When he got to DFW airport he found a hidden area, out of sight of everyone, and broke down again. Then he spotted a chaplain at the gate. Watt had never been the most religious guy, and his faith was starting to flag. Hoping for reassurance, he asked the chaplain if a good person could go to heaven even if he didn’t believe everything Christians were supposed to. The chaplain said no; if someone didn’t believe in the Genesis story or accept Jesus as their savior, no heaven for them.

Deflated, Watt arrived back in Kuwait, where everyone transited through for leave. As soon as he got there he found out a huge fire at FOB Yusufiyah had destroyed what little he owned in Iraq. Laptop, family pictures, movies, books, music, all gone.

That night he finally slept for the first time in forty-eight hours. When he woke up, he gave up being scared. Fear left him right around the time he completely lost any faith in any God.

Mackenzie’s death was Watt’s turning point. After Mackenzie died, Watt slowly stopped believing in his leadership, and eventually gave up hope for survival. But for the rest of the platoon, the turning point was the day Lieutenant Britt and Specialist Lopez were killed.

On that day, Lieutenant Britt was leading an IED sweep on Route Caveman. Caveman was one of the most IED-laden routes in the company’s area of operations; it was also, in Justin’s and many other soldiers’ eyes, completely irrelevant. The route wasn’t critical to Bravo Company’s movement, and patrolling it wouldn’t restrict the enemy’s freedom either. The route just didn’t matter. But the battalion commander ordered Bravo Company to keep clearing the route, patrols kept getting hit by IEDs, first platoon and Bravo Company argued the route was too dangerous to patrol, Lieutenant Colonel Kunk demanded the route be cleared, and nothing changed.

Watt had a conversation with Lieutenant Britt before that sweep. When Watt talked about how dangerous Route Caveman was, Lieutenant Britt brushed it off. “Just consider the percentages, Watt. Hundreds of thousands of troops have deployed to Iraq. Less than two thousand have been killed. The chances of you dying here are statistically remote.”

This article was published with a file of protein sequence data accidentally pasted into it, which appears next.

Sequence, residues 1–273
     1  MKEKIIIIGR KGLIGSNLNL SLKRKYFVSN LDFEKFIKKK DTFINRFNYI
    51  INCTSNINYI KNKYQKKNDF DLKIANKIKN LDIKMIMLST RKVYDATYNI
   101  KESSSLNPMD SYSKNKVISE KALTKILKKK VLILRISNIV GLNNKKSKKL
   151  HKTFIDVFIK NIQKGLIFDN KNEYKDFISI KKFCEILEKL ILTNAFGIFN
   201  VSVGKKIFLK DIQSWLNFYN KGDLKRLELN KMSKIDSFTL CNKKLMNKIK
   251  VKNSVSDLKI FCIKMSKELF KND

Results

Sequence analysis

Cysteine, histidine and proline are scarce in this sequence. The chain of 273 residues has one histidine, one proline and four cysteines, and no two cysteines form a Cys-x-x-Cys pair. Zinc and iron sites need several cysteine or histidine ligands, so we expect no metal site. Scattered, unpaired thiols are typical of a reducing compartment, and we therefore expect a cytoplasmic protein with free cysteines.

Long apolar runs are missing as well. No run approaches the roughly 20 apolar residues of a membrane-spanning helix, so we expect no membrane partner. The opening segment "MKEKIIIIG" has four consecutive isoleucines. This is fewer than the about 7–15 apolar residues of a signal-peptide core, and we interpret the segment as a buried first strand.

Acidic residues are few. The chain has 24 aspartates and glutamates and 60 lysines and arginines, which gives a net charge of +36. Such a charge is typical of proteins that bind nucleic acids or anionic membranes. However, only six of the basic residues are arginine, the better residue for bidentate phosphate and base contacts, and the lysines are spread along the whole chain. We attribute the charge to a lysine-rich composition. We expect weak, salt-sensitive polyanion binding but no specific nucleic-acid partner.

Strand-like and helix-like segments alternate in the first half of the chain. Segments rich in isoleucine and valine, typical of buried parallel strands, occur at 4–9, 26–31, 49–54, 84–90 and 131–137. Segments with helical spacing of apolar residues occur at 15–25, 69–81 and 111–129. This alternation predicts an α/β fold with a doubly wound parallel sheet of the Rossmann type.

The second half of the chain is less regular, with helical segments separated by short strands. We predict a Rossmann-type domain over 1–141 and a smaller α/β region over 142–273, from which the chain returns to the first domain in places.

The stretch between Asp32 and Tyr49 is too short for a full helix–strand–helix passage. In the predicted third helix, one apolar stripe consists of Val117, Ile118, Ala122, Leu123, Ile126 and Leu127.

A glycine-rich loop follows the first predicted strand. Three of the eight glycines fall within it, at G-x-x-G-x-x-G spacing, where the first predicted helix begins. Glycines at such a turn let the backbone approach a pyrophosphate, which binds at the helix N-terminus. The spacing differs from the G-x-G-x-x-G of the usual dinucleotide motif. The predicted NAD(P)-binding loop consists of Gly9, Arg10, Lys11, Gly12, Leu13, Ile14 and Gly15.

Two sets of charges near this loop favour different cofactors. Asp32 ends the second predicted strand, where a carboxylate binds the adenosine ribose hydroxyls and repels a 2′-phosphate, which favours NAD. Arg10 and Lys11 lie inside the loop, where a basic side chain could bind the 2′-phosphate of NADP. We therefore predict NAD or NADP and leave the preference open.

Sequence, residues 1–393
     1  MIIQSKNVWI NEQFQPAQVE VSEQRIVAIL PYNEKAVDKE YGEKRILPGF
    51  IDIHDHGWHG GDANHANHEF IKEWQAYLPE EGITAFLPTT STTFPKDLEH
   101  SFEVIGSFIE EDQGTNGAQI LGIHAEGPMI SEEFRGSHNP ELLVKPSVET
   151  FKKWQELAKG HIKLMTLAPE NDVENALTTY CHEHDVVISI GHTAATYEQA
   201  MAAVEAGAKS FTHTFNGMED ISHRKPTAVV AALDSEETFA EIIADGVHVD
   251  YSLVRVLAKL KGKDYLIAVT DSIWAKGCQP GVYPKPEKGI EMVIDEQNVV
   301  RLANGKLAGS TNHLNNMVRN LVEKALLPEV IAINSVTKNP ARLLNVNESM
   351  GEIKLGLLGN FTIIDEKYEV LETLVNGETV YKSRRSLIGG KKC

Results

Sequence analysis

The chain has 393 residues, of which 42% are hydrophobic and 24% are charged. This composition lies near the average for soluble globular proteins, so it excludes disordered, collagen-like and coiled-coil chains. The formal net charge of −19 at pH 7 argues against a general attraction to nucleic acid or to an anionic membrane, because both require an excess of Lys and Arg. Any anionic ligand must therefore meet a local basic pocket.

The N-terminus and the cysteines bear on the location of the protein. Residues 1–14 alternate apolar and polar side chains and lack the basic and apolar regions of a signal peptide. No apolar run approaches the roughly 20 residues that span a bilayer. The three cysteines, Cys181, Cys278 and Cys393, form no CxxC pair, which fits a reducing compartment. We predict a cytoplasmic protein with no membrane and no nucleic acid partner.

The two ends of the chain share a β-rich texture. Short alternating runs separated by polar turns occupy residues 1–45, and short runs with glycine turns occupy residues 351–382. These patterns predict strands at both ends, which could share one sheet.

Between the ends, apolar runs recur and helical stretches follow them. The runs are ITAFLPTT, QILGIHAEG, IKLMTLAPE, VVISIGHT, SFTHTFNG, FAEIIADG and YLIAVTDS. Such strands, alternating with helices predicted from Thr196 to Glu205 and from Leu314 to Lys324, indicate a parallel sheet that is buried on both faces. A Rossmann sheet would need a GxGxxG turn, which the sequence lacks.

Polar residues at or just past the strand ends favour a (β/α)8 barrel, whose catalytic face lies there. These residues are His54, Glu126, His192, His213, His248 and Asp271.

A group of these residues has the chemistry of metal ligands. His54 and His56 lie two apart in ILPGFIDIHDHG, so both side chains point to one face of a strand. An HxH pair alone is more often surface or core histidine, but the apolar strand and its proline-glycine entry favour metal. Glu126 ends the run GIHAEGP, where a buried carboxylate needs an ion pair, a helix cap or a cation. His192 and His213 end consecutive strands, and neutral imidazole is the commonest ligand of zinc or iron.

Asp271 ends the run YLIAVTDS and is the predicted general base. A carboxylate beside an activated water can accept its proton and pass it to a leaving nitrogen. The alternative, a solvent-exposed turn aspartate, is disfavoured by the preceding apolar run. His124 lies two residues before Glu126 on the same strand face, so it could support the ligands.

Hours later, Lieutenant Britt’s patrol was ambushed with small arms and a remote-fired RPG. When Lieutenant Britt followed an order to recover the RPG launcher, he walked over a buried IED. The explosion blew his body into a canal and tore Specialist Lopez in half.

The next day, Route Caveman was declared “black”. Closed, never patrolled again. Caveman was supposedly so important it had to be cleared no matter how dangerous it was. But as soon as they took those two casualties, Bravo Company effectively ceded the route to the enemy. Which is what Watt and everyone else thought should have been done in the first place.

Britt had been a highly respected leader, loved by his men. Lopez had just come home from a deployment to Afghanistan, been transferred to the 101st and sent to Iraq to replace another soldier killed earlier. Two tragic, and stupid, losses, which accomplished literally nothing.

Britt and Lopez’s deaths stripped the platoon of its last vestiges of trust in senior leadership. The battalion commander and sergeant major seemed to have no understanding, or concern, about what was happening to Bravo Company. From that point, it seemed to Watt that first platoon gave up on the traditional rank and authority structure. The platoon’s first platoon sergeant had surreptitiously found a noncombat job, its second platoon sergeant lasted a month before being removed, the third platoon sergeant exerted a lot of authority but almost never left the wire. Of the three squad leaders only one, Lauzier, consistently led his troops from the front. The others hung back, leaving lower-ranking troops to lead dangerous missions. The missions were stupid, most of the leaders obviously didn’t believe in them, and the soldiers felt like their deaths and therefore their lives meant nothing.

Read the rest at http://www.breachbangclear.com/war-crimes-hard-choices-and-harder-consequences-part-iii/


One Response to “War Crimes, Hard Choices, and Harder Consequences: Part III”

  1. You’re doing it again.

    Writing really excellent stuff, I mean.
    Keep it up!